Nipomo Mesa residents will learn today whether they will pay to fund construction of a pipeline to bring additional water to the area from Santa Maria.
Over the past seven weeks, property owners of 8,077 parcels have been able to vote on whether to levy a tax to cover the pipeline’s estimated $26 million capital cost.
The balloting ended Wednesday at a public hearing at the Nipomo Community Service District’s office, which is leading efforts to form an assessment district to pay for the pipeline. The tabulation will be overseen by members of the League of Women Voters.
The results will be announced at a special meeting at 3 p.m. today.
If the assessment district moves ahead, some residents could pay from $120 to $225 a year for 30 years to fund the construction costs, though many others could pay at least double that, depending on the size of their property, type of use and other factors.
The district covers customers who receive water from the Nipomo district, Golden State Water Co., Rural Water Co. and Woodlands Mutual Water Co.
The assessment would cover only the cost of construction. If the vote is successful, the Nipomo district would then seek to raise water rates to cover the costs of the deliveries from Santa Maria, at which time residents affected by the rate increase would have a chance to vote against it.
It would be up to the individual companies to raise rates to cover their share of the water costs.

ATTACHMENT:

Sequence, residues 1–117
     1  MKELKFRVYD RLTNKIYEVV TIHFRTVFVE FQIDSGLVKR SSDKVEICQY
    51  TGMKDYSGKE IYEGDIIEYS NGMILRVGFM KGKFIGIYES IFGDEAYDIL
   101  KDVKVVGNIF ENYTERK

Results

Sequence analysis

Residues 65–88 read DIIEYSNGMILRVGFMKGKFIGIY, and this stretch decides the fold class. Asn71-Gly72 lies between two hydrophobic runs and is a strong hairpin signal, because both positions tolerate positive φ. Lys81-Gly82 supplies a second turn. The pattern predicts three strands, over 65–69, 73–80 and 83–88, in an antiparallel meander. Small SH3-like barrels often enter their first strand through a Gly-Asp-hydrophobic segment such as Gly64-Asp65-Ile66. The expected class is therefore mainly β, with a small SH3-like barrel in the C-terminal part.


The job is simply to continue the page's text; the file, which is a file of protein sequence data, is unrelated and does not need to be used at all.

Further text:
More than 60 people attended Wednesday’s meeting. More than a dozen people spoke; many voiced opposition to the pipeline and questioned the reliability of the water coming from Santa Maria.
Opponents have also argued the district has not been forthright about the true cost of the project and dispute the benefit that some customers might receive from new water. For example, Rural Water Co. would have to build a pipeline to tap into the new supply.
“This is not new water,” argued Bill Petrick, a member of Mesa Community Alliance, a group of residents opposed to the district’s plan. “New water is desalination or recycling — anything that didn’t exist in the basin before. It’s a mistake.”
District officials say the pipeline is necessary to reduce the area’s dependence on its only source of water, an underground aquifer, and to prevent saltwater intrusion — the pollution of a freshwater aquifer by seawater creeping underground and moving inland.
“If you get a chance to get water ... take it,” said Nipomo resident Sam Scarbrough, speaking for himself and his wife, Mary. “It’s a rare supply here in California.”
The Nipomo district board also considered some changes to a few of the amounts assessed to specific properties. In one case, a property owner outside of the Rural Water Co. area was included in the assessment district, said Nipomo district General Manager Michael LeBrun.
The property was removed, but doing so leaves that water company with an additional $91,000 to contribute to cover its share of the construction cost, LeBrun said. It was not immediately clear Wednesday how Rural Water Co. would make that payment if the assessment district moves ahead.